When I became a Christian I thought I had made God my all, but I was still very much trying to earn His approval and acceptance. This is what drove me for many years as a Christian, not Christ’s love but trying to earn something He had given me freely. I traveled the world, served doing development work, lead and served in the church, but often felt burdened. Through all this God met me where I was. His Word was still at work within me. Beyond my external behavior, my self-protection exposed deeper heart issues of where I was going for life, acceptance and validation. In turn, I loved people poorly. I grew up to be a Christian controlling perfectionist that looked confident on the outside but was driven by fear and shame. I was, and still can be, bossy and demanding. As much as I could inspire, I could make those around me feel like they would never measure up because my judgment was fueled by my own feelings of not being good enough.
Dt 6:5 (NIV) “Love the Lord your God with all your heart mind and strength.”
Whatever I do that is not based on the confidence of the goodness of God is sin. Self-protection is sin because what I am really saying is, “God, I don’t trust you to protect me. I don’t trust you to work in this person or situation, instead I am looking to them to prove trustworthiness or for changed circumstance.” I fail to love like Jesus when I do this. I place myself and my pain above that of others. If I stay silent in a situation I know I should speak up, due to fear of rejection, than I care more what others think than what God thinks – this is sin. Where I go to look for comfort, the way I arrange my life to protect myself and ask people not to ask too much of me – is really making excuses for not loving well.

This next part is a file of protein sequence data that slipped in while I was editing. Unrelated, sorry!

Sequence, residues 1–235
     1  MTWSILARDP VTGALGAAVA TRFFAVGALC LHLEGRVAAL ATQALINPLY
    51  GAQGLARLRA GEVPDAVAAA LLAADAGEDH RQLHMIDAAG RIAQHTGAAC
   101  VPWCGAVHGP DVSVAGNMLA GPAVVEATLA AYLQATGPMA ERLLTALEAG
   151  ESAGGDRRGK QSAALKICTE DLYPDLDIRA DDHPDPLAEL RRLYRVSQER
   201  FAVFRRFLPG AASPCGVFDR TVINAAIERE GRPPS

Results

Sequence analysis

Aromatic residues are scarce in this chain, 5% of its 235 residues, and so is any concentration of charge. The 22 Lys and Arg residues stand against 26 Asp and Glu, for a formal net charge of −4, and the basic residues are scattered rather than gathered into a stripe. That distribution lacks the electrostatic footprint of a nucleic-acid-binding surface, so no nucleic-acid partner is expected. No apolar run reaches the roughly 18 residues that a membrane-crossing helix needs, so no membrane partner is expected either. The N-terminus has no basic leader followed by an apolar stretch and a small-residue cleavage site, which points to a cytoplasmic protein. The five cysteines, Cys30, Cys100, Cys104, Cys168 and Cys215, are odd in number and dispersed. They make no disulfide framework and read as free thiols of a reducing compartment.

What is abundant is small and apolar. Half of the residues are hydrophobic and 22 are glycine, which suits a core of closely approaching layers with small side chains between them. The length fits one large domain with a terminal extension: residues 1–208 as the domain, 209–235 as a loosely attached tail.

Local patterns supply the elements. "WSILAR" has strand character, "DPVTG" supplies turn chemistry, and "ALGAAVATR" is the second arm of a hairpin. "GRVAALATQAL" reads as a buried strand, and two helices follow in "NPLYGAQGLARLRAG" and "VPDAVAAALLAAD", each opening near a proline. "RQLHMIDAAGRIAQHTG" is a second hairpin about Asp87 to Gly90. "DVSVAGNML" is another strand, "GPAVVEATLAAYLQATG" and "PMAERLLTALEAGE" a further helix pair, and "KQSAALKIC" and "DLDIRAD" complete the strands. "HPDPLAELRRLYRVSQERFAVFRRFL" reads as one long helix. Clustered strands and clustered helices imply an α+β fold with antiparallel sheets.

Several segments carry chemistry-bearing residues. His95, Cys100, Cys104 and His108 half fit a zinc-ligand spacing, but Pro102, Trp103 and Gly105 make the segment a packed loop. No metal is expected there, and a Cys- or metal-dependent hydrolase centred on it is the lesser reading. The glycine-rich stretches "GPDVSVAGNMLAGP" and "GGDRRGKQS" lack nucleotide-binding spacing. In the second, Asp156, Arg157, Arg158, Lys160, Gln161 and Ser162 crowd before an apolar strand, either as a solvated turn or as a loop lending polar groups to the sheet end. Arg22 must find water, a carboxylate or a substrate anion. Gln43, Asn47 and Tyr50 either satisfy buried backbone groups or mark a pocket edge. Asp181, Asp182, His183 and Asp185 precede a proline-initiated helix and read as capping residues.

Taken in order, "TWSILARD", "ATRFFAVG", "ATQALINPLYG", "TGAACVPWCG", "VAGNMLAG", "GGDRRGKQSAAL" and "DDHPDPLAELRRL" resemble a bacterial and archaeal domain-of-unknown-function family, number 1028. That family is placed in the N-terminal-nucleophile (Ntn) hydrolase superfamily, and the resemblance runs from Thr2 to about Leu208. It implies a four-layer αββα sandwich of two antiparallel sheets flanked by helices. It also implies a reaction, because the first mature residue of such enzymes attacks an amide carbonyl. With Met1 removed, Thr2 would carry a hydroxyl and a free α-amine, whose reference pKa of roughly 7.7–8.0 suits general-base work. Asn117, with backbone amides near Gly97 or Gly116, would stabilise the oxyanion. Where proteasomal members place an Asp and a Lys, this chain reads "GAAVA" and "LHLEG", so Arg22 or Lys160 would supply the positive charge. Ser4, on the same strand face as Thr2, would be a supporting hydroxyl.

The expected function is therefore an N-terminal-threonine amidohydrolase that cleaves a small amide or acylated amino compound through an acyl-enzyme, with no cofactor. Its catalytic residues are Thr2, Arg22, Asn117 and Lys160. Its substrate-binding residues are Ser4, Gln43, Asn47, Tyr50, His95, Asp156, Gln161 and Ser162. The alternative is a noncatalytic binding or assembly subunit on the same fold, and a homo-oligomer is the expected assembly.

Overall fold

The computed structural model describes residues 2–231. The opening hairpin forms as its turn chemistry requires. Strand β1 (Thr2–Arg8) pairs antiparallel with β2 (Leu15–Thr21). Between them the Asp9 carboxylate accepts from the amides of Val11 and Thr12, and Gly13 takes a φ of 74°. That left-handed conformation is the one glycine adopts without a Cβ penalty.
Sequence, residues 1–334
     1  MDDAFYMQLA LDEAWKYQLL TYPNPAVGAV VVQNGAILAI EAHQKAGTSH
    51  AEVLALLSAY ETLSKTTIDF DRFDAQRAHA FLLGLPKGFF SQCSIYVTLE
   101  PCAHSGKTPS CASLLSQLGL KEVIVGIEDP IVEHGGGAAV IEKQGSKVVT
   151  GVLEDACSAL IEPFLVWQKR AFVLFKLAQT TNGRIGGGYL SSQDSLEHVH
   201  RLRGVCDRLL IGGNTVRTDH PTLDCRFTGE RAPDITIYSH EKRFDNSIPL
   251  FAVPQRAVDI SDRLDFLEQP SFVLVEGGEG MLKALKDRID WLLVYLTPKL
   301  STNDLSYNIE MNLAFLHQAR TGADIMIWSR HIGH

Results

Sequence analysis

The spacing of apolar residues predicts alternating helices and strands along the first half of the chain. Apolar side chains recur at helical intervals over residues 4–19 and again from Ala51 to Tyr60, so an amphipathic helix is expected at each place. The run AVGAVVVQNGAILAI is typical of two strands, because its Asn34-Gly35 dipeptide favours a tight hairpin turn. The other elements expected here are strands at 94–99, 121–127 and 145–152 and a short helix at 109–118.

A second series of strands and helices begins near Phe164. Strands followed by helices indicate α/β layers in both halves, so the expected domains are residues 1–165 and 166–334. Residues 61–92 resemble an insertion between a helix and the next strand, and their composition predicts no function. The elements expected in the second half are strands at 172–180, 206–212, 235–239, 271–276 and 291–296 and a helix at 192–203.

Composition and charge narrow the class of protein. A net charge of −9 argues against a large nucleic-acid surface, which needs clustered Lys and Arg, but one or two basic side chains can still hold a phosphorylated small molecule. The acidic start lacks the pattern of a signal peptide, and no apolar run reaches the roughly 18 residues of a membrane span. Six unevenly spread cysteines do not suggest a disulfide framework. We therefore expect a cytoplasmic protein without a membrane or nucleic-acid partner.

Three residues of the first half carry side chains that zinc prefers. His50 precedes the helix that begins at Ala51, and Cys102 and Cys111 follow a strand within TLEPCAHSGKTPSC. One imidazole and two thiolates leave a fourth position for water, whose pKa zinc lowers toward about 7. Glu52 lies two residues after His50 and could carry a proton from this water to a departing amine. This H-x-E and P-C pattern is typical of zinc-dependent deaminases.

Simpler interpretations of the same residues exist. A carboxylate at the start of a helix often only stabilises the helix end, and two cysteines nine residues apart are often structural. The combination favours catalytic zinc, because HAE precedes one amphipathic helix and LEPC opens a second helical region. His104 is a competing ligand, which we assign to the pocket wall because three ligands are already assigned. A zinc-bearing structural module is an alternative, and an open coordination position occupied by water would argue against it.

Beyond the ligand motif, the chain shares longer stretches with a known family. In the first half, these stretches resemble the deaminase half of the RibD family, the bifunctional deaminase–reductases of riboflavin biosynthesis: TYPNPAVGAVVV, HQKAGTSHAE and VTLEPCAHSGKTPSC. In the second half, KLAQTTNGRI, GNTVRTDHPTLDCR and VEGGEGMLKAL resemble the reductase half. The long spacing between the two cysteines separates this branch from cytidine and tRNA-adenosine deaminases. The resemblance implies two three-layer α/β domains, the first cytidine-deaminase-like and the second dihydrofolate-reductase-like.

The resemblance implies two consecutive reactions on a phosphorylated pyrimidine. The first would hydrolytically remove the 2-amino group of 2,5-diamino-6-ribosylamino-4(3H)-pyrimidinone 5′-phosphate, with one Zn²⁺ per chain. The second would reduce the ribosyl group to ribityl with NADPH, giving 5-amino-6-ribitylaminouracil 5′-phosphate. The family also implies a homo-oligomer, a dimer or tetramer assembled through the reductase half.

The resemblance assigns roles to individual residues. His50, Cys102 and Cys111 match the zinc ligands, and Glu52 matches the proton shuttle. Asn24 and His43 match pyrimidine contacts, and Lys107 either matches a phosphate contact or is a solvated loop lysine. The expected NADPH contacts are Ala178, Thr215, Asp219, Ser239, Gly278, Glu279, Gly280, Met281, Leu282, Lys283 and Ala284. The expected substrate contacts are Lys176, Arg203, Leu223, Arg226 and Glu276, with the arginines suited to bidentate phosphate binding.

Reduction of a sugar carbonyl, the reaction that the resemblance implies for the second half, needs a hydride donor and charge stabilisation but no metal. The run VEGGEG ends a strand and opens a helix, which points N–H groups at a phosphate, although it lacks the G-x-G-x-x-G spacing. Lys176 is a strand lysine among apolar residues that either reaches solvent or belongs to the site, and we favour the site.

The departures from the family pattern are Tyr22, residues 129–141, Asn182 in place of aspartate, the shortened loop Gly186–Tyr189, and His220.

Ps 105:4(ESV) Seek the LORD and his strength; seek his presence continually!
Self-care insures that we heal and take care of the self in order to give to others from a fullness that only God can give, instead of giving to others while all the while really looking for something in return. It allows us to set healthy boundaries that let others own their own decisions and the consequences of those decisions. This too is loving them and entrusting them to God instead of accepting poor treatment and deferring to self-protection.
As I allowed Jesus to heal me from my past, He exposed the sin blocking me from real internal growth; pride and self-protection. Now, because I am rooted in God’s love, I can face my sin. I can see the men and women around me sitting in darkness fighting their demons and their past on their own. I have a renewed sense of salvation that fuels my desire to extend this healing to others. I cannot imagine going through the hard seasons of my life without God and His people, yet so many do every day.